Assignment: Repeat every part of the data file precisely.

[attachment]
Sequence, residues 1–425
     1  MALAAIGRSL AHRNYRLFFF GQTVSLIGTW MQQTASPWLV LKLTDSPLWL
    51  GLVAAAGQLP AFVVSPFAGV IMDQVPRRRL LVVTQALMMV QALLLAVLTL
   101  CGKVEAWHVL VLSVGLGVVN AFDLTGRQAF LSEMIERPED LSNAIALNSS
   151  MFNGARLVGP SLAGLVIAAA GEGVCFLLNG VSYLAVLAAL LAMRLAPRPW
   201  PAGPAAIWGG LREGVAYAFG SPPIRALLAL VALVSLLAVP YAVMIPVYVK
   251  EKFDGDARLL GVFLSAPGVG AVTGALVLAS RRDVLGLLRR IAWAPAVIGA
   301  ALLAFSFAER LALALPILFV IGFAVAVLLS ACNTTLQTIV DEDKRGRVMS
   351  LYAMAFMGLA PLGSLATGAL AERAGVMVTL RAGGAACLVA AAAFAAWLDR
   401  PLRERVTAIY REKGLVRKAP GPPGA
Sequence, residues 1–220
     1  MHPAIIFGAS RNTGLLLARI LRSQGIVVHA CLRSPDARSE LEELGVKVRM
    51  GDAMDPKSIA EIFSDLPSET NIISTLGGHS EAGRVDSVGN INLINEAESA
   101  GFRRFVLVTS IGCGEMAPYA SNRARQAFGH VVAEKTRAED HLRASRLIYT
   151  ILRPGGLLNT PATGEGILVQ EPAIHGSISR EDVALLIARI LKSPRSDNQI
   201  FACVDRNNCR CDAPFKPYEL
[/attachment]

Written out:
Sequence, residues 1–425
     1  MALAAIGRSL AHRNYRLFFF GQTVSLIGTW MQQTASPWLV LKLTDSPLWL
    51  GLVAAAGQLP AFVVSPFAGV IMDQVPRRRL LVVTQALMMV QALLLAVLTL
   101  CGKVEAWHVL VLSVGLGVVN AFDLTGRQAF LSEMIERPED LSNAIALNSS
   151  MFNGARLVGP SLAGLVIAAA GEGVCFLLNG VSYLAVLAAL LAMRLAPRPW
   201  PAGPAAIWGG LREGVAYAFG SPPIRALLAL VALVSLLAVP YAVMIPVYVK
   251  EKFDGDARLL GVFLSAPGVG AVTGALVLAS RRDVLGLLRR IAWAPAVIGA
   301  ALLAFSFAER LALALPILFV IGFAVAVLLS ACNTTLQTIV DEDKRGRVMS
   351  LYAMAFMGLA PLGSLATGAL AERAGVMVTL RAGGAACLVA AAAFAAWLDR
   401  PLRERVTAIY REKGLVRKAP GPPGA
Sequence, residues 1–220
     1  MHPAIIFGAS RNTGLLLARI LRSQGIVVHA CLRSPDARSE LEELGVKVRM
    51  GDAMDPKSIA EIFSDLPSET NIISTLGGHS EAGRVDSVGN INLINEAESA
   101  GFRRFVLVTS IGCGEMAPYA SNRARQAFGH VVAEKTRAED HLRASRLIYT
   151  ILRPGGLLNT PATGEGILVQ EPAIHGSISR EDVALLIARI LKSPRSDNQI
   201  FACVDRNNCR CDAPFKPYEL